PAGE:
Storage vessels, also known as storage tanks, are more important than most people realize. They are used to store a wide variety of products. It's safe to say that storage vessels are an unsung hero in today's world. But how is one made?
There is a lot of engineering that goes into fabricating storage tanks. How many gallons or liters and the total density/weight of the product are to be factored in before fabrication. It's during the engineering or costing stage that the overall size of the vessel would be determined. But for all intents and purposes, let's focus on the fabrication process rather than the engineering.
The first stage, materials for fabrication can only be purchased as large, flat, sheets of iron. The two common measurements being 4 feet by 8 feet and 6 feet by 20 feet. It is necessary for the iron sheets to be stored in a dry place. Moisture is an untreated tank's worst enemy, as corrosion is immediate and can compromise the integrity of the entire structure. Any leak, no matter how minute, can be extremely dangerous.
The second stage of fabrication is the "layout". In this stage, experienced personnel will calculate exactly how much of each sheet will be used in fabrication. The remaining will be cut from the sheet by means of extreme heat using either oxyacetylene cutting or, more preferably, plasma arc cutting. Once the correct measurements have been made and the sheets have been trimmed to the exact size, the sheets will then be welded together end-to-end.
At the third stage, the now welded flat sheets must be rolled into a circle. This procedure is carried out by a precision rolling machine, which uses hydraulic pressure and a chain pulley system to perfectly rolling the sheets without causing any creases or cracks in the sheet. Once the sheets are rolled and the opposite ends of the sheet are touching, its now time to weld them together.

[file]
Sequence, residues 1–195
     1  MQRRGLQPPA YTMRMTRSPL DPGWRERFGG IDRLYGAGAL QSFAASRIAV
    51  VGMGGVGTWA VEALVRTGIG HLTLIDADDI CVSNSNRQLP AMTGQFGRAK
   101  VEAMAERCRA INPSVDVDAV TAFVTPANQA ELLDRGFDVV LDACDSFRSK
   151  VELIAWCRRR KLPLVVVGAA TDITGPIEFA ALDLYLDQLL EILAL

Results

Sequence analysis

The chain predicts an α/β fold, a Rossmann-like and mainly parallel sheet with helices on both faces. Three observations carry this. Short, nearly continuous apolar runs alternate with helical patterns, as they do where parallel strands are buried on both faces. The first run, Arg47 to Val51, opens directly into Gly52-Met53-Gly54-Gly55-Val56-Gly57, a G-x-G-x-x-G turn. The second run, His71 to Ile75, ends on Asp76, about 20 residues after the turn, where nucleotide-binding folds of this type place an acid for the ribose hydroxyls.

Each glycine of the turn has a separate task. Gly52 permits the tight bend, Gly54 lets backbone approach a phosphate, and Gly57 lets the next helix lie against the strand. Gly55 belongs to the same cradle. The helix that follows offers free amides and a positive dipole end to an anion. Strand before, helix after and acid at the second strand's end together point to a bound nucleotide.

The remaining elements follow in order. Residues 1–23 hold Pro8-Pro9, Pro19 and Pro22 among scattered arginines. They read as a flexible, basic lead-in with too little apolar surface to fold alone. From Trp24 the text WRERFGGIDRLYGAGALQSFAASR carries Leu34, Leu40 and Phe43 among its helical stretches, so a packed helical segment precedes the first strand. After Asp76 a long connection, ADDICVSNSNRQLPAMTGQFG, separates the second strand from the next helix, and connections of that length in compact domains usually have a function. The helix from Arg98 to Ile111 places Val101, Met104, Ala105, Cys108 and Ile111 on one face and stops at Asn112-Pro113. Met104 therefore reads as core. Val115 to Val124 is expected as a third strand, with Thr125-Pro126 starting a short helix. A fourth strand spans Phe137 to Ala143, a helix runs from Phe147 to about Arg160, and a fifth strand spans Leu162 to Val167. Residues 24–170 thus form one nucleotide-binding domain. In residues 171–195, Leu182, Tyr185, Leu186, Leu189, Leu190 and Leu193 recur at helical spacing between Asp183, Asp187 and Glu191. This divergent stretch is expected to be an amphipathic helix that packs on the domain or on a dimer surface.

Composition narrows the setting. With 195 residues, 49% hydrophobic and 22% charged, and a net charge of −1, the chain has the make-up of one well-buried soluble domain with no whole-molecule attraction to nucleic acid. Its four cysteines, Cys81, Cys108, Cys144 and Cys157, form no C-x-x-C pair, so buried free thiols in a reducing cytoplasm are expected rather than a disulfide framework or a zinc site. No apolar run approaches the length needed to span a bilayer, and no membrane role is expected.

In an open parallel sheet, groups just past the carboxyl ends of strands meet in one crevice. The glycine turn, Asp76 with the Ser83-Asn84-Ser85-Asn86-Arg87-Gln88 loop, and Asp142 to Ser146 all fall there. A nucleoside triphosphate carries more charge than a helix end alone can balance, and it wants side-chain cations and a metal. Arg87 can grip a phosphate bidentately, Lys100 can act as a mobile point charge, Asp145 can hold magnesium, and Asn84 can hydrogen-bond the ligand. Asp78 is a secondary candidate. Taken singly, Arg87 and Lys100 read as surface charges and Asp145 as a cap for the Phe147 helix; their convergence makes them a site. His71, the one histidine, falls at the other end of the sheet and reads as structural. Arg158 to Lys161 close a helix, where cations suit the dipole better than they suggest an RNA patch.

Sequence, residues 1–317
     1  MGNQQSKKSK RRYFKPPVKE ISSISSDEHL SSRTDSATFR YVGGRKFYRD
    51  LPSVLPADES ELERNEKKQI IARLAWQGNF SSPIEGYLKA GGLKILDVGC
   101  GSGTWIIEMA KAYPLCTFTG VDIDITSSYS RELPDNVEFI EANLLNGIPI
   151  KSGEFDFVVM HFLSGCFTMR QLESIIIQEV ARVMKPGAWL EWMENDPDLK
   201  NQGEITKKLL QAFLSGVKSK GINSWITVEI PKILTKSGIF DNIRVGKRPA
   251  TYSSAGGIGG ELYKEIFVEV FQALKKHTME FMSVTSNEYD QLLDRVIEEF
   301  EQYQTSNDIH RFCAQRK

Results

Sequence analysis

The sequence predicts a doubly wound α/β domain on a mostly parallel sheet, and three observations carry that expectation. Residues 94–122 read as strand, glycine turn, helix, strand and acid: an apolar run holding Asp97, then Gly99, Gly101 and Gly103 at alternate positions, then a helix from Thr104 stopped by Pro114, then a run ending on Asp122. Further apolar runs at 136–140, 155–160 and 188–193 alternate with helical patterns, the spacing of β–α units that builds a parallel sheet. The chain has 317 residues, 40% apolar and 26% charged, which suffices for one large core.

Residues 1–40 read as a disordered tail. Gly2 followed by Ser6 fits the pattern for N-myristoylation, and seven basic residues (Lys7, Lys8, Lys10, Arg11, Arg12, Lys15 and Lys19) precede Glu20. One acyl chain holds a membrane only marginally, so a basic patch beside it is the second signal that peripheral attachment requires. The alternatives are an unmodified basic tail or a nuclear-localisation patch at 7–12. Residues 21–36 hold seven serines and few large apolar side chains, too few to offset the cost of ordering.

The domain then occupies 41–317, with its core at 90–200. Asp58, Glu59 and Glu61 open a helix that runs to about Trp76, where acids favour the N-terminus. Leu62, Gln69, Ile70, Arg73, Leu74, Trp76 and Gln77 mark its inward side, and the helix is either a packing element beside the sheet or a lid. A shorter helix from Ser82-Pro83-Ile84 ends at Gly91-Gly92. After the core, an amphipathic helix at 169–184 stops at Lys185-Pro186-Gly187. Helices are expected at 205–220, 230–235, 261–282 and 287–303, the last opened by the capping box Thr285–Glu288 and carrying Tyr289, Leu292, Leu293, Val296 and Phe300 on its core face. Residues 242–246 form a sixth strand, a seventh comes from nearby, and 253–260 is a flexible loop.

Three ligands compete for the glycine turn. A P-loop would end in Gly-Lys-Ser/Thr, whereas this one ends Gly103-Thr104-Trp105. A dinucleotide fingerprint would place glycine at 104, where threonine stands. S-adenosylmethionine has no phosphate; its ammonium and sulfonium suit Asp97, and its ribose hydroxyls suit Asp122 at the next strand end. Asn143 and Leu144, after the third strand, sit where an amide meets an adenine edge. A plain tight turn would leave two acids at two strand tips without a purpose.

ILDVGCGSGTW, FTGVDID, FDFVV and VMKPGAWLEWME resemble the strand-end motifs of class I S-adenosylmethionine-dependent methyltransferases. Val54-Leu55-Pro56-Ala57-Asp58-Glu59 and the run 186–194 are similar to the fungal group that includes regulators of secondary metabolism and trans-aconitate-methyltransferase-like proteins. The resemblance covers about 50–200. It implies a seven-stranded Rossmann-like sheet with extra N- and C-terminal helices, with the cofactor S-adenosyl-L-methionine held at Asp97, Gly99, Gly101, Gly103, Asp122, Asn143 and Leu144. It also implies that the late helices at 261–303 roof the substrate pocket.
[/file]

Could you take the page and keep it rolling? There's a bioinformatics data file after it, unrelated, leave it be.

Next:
The next stage is "fit-up". In this stage you fit up all the rolled sheets and weld them together, creating a tube-like structure. When the tubular portion of the tank is complete, the ends must be welded into place. The ends are normally flat or have a slight bowl-like shape.
At this stage, the welding has been completed, with the inclusion of an access panel and several fittings which are used for ventilation, loading, and unloading of the stored product. The storage vessel must now undergo a series of tests to ensure airtightness and stability.
Once the tank has passed quality control, it can now be treated with a rust inhibitor. A coat of primer and a top coat of paint will also be applied for further protection and aesthetics.
So the next time you see a storage vessel, take a closer look. There's a lot more going on there than most people think.
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